Yes we do need the same for fast charging, and have it. SAE International (Society of Automotive Engineers) is THE world's organization for automotive standards. Guess who developed the standards for gasoline and diesel fuel dispenser nozzles? The SAE - standard #J285. And guess what - the Level 1/Level 2 AC charge port in just about every EV manufactured in the past 8 years is an SAE standard - #J1772. The SAE began the process to expand that standard to DCFC at the same time, but the Japanese went their own way with CHademo as did Tesla did their SC port. The SAE standard is the "CCS" charge port and VW, BMW, Ford, GM, Chrysler, and most other SAE-supporting auto manufacturers building EV's are standardizing on it. The SAE is now working on a 150 kW/300 kW CCS standard for ultra-high charge rates.They just released a wireless charging standard and are aggressively working to flesh it out in tune with developments in that arena.

SAE standards are open standards, usually developed through volunteer committees of the world's most-talented and experienced automotive engineers, representing manufacturers who actually care about developing and applying open standards.
 

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That is an awesome plan that is sorely needed. But before those investments are made, I think a priority should be put on arriving at a standard system for fast charging. It is not helpful that we have some CCS, some Chademo, and some Tesla infrastructure. I doubt Tesla will comply with a standard, but there should at least be a non-Tesla standard. Gasoline pump filler nozzles are fully standardized. We need the same for fast charging.
That "non-Tesla" standard is the SAE CCS. Over 90% of EV manufacturers will support it. Even a Model S can use it with an adapter. And according to Tesla Motors management, the adapter is approved for all their models. So even the "fanboys" can get a charge at a SAE CCS station when the Superchargers are overcrowded or unavailable.
 

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Reading posts on the Tesla Forum of course they are crying foul and claiming the Big XXX auto makers are getting another hand out. They also say Tesla has an obligation to stay out of it until such a time as they think it makes sense and then design an adaptor that will allow Tesla's to use those chargers.

But this could the game changer we need to kick start EV production/sales/adaptation.
Which Tesla forum? I would like to see what they have to say.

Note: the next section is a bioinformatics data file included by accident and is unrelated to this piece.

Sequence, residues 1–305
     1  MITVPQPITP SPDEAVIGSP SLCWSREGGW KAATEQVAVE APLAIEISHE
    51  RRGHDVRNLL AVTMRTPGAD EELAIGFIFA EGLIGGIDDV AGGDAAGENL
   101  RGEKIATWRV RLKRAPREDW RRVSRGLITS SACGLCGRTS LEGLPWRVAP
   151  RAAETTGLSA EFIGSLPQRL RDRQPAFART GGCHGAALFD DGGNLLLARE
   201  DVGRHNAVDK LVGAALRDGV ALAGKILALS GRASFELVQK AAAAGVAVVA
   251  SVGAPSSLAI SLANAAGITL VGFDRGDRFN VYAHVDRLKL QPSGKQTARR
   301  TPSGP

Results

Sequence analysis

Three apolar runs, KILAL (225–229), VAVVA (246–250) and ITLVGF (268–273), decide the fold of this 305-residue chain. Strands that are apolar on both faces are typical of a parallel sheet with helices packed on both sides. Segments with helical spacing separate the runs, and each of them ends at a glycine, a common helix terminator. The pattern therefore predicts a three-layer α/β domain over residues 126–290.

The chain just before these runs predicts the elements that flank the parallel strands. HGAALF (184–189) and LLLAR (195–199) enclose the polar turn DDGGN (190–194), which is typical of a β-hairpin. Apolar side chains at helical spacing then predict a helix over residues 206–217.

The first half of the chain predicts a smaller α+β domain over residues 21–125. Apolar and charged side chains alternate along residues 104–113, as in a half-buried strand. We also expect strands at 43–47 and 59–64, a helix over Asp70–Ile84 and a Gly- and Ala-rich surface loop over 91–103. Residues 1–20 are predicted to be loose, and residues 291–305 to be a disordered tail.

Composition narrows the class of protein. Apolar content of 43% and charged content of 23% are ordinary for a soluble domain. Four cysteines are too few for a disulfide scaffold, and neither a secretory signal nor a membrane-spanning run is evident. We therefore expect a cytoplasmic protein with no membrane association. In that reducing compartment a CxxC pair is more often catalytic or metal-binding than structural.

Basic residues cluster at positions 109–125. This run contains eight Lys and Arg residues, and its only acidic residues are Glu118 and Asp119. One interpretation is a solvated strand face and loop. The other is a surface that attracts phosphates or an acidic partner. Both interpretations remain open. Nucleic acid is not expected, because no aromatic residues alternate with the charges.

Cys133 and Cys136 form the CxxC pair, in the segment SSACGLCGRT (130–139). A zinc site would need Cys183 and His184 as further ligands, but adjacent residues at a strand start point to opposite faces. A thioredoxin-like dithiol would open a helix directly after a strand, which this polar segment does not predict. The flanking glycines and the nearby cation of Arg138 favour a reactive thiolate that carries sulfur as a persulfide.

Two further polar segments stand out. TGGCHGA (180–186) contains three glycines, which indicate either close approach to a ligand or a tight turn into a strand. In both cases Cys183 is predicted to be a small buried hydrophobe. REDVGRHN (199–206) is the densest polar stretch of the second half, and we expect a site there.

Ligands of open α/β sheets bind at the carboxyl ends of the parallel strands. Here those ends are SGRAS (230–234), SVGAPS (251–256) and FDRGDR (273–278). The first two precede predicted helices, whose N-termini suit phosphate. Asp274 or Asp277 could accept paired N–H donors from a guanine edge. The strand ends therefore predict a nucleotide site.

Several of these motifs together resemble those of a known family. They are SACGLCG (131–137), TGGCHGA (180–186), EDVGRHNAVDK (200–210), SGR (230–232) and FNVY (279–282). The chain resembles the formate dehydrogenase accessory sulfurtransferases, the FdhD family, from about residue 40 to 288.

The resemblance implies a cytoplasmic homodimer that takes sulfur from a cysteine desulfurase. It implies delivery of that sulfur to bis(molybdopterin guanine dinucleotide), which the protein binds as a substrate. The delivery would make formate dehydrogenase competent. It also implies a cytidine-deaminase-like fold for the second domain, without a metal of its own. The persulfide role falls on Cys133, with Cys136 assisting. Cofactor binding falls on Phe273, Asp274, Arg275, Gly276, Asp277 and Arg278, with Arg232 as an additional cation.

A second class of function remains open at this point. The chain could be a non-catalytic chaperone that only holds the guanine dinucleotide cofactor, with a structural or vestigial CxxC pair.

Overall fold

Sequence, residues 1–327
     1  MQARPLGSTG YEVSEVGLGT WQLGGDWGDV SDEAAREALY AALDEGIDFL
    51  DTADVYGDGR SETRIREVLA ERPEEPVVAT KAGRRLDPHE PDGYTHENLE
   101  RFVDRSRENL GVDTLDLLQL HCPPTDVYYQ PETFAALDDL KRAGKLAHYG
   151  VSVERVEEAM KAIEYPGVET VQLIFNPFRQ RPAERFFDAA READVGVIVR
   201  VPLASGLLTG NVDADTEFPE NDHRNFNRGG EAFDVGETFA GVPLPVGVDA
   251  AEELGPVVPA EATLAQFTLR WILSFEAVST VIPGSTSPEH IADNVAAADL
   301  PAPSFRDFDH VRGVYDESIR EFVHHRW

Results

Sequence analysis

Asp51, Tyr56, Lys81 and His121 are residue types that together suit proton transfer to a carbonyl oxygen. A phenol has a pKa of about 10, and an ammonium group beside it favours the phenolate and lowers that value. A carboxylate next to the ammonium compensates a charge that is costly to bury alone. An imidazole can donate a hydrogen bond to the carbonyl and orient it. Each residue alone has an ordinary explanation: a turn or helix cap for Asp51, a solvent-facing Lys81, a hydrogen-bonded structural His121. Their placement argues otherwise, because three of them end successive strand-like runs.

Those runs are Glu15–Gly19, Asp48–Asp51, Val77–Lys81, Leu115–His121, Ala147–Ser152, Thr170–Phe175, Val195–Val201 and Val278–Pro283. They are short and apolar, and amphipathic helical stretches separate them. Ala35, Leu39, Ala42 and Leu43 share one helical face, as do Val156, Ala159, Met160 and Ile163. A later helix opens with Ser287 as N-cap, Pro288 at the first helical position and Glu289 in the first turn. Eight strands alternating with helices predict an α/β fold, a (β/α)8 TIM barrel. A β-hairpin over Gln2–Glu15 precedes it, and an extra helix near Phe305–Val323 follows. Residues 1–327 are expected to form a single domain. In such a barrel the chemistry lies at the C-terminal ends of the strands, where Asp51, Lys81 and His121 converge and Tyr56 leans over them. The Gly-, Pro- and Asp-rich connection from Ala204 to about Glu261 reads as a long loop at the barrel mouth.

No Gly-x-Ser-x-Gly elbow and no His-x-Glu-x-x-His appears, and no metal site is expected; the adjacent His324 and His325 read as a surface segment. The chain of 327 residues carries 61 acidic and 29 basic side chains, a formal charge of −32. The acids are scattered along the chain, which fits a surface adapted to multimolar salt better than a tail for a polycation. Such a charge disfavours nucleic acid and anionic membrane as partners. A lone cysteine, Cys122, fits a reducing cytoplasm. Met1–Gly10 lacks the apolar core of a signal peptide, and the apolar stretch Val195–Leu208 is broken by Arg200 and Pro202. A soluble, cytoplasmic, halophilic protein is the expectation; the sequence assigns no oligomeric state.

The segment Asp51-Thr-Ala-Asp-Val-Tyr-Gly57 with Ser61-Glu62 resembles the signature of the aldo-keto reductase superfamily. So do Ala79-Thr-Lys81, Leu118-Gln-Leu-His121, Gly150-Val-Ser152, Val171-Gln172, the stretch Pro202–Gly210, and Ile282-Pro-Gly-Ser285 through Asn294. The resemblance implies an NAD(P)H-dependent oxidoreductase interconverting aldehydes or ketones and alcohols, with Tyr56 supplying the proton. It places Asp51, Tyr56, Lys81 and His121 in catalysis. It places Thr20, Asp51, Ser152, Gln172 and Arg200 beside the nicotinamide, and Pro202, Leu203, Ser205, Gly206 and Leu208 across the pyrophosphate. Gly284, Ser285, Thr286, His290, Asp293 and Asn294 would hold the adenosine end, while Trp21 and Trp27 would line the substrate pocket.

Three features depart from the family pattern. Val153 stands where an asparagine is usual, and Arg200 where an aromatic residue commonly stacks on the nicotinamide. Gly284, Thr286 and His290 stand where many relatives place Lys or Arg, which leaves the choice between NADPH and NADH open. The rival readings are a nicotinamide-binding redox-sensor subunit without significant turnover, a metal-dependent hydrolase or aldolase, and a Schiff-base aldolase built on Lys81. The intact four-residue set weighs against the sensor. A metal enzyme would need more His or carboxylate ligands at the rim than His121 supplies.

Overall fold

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That "non-Tesla" standard is the SAE CCS. Over 90% of EV manufacturers will support it. Even a Model S can use it with an adapter. And according to Tesla Motors management, the adapter is approved for all their models. So even the "fanboys" can get a charge at a SAE CCS station when the Superchargers are overcrowded or unavailable.
And how many CCS stations has Tesla installed? Zero?

Seems like Tesla could simply install 6 or so CCS bays in each of their SSC network charge station locations to service non-Telsa EV's. They could get in on the government "corridors" that way, and also sell a charge plan. But that would take away one of the Tesla selling points, their exclusive network. It would also take away one of the frequently used slams against the Bolt EV. Telsa may eventually do CCS, but not if it may risk Model 3 sales.
 

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It will be interesting to see the level of participation by General Motors now that they will have their first nationally available pure EV.

IMO it was very slimy for certain media reporters to keep questioning GM about why they don't have a SuperCharger network. The fact GM did not make or sell cars that needed it did not matter. It was just very important for some reason to say 'General Motors Said They Will Never, Ever, Ever, Participate in EV Infrastructure!'.
They at least strongly implied that they would stay out of the infrastructure business, straight from Mary Barra. Something like, "we believe in investing in things that benefit ALL GM customers." Possibly the dumbest thing that ever left her lips, and I'm really just fine with there being continuing repercussions from it. Bad policy deserves bad consequences, even lingering ones when the facts have changed.

That said, I'm relieved that there is some reversal here and that they are now part of this coalition. It's a start anyway. Now wouldn't it be wonderful if the Volt could at least charge at 7.2Kw and make potential real use of a charging infrastructure while stopping for meals or whatever? I figure if GM is coming out of its stupor, it might as well address all of the lingering issues.